My only experience with a balsa blade was a Donic Cayman which is generally thought of as a good blade on this forum. However, I did not like it at all and didn't really care for the light weight. If you have played with a Cayman as well, can you provide a brief comparison with the Tachi.

I'm currently playing with a Butterfly Michael Maze blade, which is a Carbon/Arylate composite and rated OFF. I find that it suits my Tenergy 05 FH very nicely and isn't too bad with the D.Tecs OX, although it is faster than I would like on my BH.

If you can also be kind enough to describe your style of play and approximate playing/rating level such that there is a frame of reference. I look forward to following your thoughts/journey with this blade + D.Tecs.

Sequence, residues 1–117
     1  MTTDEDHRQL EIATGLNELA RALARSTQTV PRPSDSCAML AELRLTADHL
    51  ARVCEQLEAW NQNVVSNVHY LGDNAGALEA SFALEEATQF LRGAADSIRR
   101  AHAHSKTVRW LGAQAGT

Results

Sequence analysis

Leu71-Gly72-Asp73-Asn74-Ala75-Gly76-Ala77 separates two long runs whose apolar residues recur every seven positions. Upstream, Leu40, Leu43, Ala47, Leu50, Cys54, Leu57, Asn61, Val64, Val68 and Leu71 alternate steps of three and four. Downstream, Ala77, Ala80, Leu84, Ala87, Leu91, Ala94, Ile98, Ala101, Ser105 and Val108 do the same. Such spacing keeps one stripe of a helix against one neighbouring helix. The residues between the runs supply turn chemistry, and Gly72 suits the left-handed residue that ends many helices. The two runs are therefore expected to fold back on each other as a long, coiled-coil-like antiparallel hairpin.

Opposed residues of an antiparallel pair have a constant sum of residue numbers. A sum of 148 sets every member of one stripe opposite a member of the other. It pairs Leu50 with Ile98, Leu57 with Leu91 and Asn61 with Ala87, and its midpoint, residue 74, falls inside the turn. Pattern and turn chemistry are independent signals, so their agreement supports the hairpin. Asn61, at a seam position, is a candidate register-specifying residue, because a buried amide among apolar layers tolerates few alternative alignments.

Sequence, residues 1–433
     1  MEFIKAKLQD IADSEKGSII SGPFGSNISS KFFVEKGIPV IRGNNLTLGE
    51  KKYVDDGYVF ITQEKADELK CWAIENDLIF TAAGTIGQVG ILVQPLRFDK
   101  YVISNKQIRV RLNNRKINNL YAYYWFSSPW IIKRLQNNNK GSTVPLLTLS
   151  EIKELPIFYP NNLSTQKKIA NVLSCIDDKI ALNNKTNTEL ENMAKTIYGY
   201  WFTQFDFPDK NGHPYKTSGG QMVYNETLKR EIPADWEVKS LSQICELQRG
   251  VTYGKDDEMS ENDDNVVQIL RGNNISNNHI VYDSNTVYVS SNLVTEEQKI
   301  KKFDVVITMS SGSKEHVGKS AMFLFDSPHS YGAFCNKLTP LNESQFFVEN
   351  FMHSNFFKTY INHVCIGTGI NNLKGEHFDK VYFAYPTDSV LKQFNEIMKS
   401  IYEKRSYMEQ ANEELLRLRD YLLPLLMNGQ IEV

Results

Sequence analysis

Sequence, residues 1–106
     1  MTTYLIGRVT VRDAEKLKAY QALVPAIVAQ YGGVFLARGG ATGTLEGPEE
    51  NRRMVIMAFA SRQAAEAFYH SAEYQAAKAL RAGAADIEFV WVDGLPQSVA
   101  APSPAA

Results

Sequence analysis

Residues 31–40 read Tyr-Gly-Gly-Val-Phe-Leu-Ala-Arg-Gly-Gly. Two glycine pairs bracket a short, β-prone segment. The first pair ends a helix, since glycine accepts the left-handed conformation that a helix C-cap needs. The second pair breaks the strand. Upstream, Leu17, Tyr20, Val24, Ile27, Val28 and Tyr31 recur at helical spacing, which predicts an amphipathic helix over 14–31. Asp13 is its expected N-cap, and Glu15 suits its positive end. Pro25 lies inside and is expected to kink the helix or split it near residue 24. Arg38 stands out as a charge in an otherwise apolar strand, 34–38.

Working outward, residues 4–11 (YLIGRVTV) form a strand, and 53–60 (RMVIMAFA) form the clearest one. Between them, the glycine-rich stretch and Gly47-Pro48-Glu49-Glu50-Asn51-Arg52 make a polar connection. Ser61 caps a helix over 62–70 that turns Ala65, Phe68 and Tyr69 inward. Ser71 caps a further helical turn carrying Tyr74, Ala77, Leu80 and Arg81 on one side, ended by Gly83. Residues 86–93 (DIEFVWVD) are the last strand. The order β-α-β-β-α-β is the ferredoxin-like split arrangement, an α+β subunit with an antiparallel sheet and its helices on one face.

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PostPosted: 28 Mar 2010, 02:20 
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I would also like a comparison between the Tachi and the Barricade/Cayman as far as Vibration is concerned. The Barricade seems to vibrate just enough for me to feel the ball on my blade, whereas I didn't like the Cayman because I didn't get the same feel from my blocks or smashes as I did with the Barricade.

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PostPosted: 28 Mar 2010, 10:51 
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NoFootwork wrote:
Mynamenotbob,
I will be following this thread with interest as I play with D.Tecs OX red on my BH. A big part of my game is FH looping with my Tenergy 05 2.1mm and would like to see how you find the inverted side of this blade's equation.